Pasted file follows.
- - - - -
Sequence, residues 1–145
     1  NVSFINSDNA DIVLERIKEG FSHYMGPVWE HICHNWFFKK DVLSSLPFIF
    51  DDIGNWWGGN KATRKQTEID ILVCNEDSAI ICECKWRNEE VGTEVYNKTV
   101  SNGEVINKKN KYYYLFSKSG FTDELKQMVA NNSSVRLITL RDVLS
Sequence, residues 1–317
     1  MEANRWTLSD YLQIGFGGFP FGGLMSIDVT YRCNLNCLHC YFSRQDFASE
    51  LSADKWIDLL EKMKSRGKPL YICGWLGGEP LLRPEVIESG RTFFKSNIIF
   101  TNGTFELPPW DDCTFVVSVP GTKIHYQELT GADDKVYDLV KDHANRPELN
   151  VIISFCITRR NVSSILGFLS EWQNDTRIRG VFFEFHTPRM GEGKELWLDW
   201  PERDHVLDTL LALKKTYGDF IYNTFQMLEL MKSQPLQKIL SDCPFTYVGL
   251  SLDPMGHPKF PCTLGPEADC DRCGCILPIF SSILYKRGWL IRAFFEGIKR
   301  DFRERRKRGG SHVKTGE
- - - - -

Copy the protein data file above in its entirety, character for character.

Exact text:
Sequence, residues 1–145
     1  NVSFINSDNA DIVLERIKEG FSHYMGPVWE HICHNWFFKK DVLSSLPFIF
    51  DDIGNWWGGN KATRKQTEID ILVCNEDSAI ICECKWRNEE VGTEVYNKTV
   101  SNGEVINKKN KYYYLFSKSG FTDELKQMVA NNSSVRLITL RDVLS
Sequence, residues 1–317
     1  MEANRWTLSD YLQIGFGGFP FGGLMSIDVT YRCNLNCLHC YFSRQDFASE
    51  LSADKWIDLL EKMKSRGKPL YICGWLGGEP LLRPEVIESG RTFFKSNIIF
   101  TNGTFELPPW DDCTFVVSVP GTKIHYQELT GADDKVYDLV KDHANRPELN
   151  VIISFCITRR NVSSILGFLS EWQNDTRIRG VFFEFHTPRM GEGKELWLDW
   201  PERDHVLDTL LALKKTYGDF IYNTFQMLEL MKSQPLQKIL SDCPFTYVGL
   251  SLDPMGHPKF PCTLGPEADC DRCGCILPIF SSILYKRGWL IRAFFEGIKR
   301  DFRERRKRGG SHVKTGE